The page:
US media giant Viacom has stepped up its war on Google over clips that allegedly infringe its copyright appearing on YouTube. Last month Viacom ran out of patience with YouTube and ordered 100,000 clips from its MTV, Nickelodeon and Comedy Central networks to be removed. Now, in the video-sharing site's biggest legal challenge to date, and one that could cause its suspension, Viacom has filed a lawsuit seeking more than $1bn in damages, as well as an injunction prohibiting Google and YouTube from what Viacom said was "further copyright infringement".
Viacom's complaint says 160,000 unauthorised clips of Viacom's programming have been available on YouTube and that these clips had been viewed more than 1.5bn times. "YouTube is a significant, for-profit organisation that has built a lucrative business out of exploiting the devotion of fans to others' creative works in order to enrich itself and its corporate parent Google," said Viacom.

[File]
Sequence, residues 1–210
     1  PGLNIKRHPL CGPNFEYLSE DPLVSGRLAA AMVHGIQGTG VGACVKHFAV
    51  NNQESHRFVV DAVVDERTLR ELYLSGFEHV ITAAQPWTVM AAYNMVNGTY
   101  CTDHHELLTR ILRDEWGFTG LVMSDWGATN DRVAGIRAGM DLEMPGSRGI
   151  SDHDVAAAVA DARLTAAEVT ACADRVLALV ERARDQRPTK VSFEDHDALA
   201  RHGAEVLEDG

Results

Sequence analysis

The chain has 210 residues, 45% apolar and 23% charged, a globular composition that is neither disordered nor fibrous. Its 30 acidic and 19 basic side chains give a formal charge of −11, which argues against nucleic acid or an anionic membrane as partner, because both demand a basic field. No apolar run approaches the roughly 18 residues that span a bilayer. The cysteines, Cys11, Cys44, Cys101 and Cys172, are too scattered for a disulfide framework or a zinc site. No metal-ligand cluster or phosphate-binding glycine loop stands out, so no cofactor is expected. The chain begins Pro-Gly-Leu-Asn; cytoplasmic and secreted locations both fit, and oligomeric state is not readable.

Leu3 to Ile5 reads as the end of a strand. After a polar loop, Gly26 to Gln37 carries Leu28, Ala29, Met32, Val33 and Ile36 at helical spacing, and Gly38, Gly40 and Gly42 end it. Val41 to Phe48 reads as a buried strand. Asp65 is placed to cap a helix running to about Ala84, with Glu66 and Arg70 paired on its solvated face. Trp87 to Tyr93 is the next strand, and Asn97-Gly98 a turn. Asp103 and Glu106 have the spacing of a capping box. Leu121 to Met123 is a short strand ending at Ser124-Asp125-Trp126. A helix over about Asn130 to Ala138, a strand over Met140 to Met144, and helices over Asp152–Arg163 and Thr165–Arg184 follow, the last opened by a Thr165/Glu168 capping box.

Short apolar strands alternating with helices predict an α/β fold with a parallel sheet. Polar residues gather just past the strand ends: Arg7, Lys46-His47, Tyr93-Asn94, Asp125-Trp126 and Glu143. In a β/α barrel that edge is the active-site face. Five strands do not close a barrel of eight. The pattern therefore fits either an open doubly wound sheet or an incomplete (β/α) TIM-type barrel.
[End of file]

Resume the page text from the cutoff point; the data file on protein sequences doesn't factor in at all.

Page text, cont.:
"Their business model, which is based on building traffic and selling advertising off of unlicensed content, is clearly illegal and is in obvious conflict with copyright laws. In fact, YouTube's strategy has been to avoid taking proactive steps to curtail the infringement on its site, thus generating significant traffic and revenues for itself while shifting the entire burden?and high cost?of monitoring YouTube onto the victims of its infringement."
Google said it was "confident that YouTube has respected the legal rights of copyright holders and believe the courts will agree".
Lovelace Consulting | 14.03.2007